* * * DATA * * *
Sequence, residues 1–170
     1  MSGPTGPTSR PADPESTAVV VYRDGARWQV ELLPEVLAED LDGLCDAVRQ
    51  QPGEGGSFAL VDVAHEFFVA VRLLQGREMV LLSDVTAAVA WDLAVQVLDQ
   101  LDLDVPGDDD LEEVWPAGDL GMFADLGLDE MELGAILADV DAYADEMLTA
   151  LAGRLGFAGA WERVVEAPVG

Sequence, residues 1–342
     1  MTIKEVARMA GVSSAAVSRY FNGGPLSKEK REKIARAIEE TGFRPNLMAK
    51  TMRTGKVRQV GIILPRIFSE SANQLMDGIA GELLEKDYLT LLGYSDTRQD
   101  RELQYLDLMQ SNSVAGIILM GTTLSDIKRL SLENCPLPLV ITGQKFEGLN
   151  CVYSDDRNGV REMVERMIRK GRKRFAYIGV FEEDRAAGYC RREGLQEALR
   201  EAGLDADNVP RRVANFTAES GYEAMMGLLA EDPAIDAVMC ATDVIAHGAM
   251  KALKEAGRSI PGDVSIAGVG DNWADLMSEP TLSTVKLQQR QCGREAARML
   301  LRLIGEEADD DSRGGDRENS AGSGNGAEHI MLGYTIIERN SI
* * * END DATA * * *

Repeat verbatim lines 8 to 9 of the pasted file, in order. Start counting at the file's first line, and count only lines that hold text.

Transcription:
    51  TMRTGKVRQV GIILPRIFSE SANQLMDGIA GELLEKDYLT LLGYSDTRQD
   101  RELQYLDLMQ SNSVAGIILM GTTLSDIKRL SLENCPLPLV ITGQKFEGLN